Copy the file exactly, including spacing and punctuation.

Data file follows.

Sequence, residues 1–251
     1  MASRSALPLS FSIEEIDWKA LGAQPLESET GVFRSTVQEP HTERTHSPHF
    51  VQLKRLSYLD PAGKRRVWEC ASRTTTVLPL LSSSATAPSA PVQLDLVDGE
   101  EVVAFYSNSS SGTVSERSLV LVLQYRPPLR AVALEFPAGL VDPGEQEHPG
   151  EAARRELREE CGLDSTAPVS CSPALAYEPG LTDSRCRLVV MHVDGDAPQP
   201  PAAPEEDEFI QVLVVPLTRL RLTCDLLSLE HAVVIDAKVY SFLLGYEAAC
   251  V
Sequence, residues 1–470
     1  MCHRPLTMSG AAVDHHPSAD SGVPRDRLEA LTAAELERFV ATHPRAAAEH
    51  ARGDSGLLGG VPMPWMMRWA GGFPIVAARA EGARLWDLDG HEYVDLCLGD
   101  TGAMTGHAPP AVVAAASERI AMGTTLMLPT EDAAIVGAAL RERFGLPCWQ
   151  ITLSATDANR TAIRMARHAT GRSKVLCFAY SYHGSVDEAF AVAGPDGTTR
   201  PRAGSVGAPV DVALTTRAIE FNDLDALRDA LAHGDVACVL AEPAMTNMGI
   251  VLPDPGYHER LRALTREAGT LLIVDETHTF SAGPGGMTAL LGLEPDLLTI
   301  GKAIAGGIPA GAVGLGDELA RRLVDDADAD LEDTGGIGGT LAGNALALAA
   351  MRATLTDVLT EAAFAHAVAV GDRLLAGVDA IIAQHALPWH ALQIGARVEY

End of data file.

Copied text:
Sequence, residues 1–251
     1  MASRSALPLS FSIEEIDWKA LGAQPLESET GVFRSTVQEP HTERTHSPHF
    51  VQLKRLSYLD PAGKRRVWEC ASRTTTVLPL LSSSATAPSA PVQLDLVDGE
   101  EVVAFYSNSS SGTVSERSLV LVLQYRPPLR AVALEFPAGL VDPGEQEHPG
   151  EAARRELREE CGLDSTAPVS CSPALAYEPG LTDSRCRLVV MHVDGDAPQP
   201  PAAPEEDEFI QVLVVPLTRL RLTCDLLSLE HAVVIDAKVY SFLLGYEAAC
   251  V
Sequence, residues 1–470
     1  MCHRPLTMSG AAVDHHPSAD SGVPRDRLEA LTAAELERFV ATHPRAAAEH
    51  ARGDSGLLGG VPMPWMMRWA GGFPIVAARA EGARLWDLDG HEYVDLCLGD
   101  TGAMTGHAPP AVVAAASERI AMGTTLMLPT EDAAIVGAAL RERFGLPCWQ
   151  ITLSATDANR TAIRMARHAT GRSKVLCFAY SYHGSVDEAF AVAGPDGTTR
   201  PRAGSVGAPV DVALTTRAIE FNDLDALRDA LAHGDVACVL AEPAMTNMGI
   251  VLPDPGYHER LRALTREAGT LLIVDETHTF SAGPGGMTAL LGLEPDLLTI
   301  GKAIAGGIPA GAVGLGDELA RRLVDDADAD LEDTGGIGGT LAGNALALAA
   351  MRATLTDVLT EAAFAHAVAV GDRLLAGVDA IIAQHALPWH ALQIGARVEY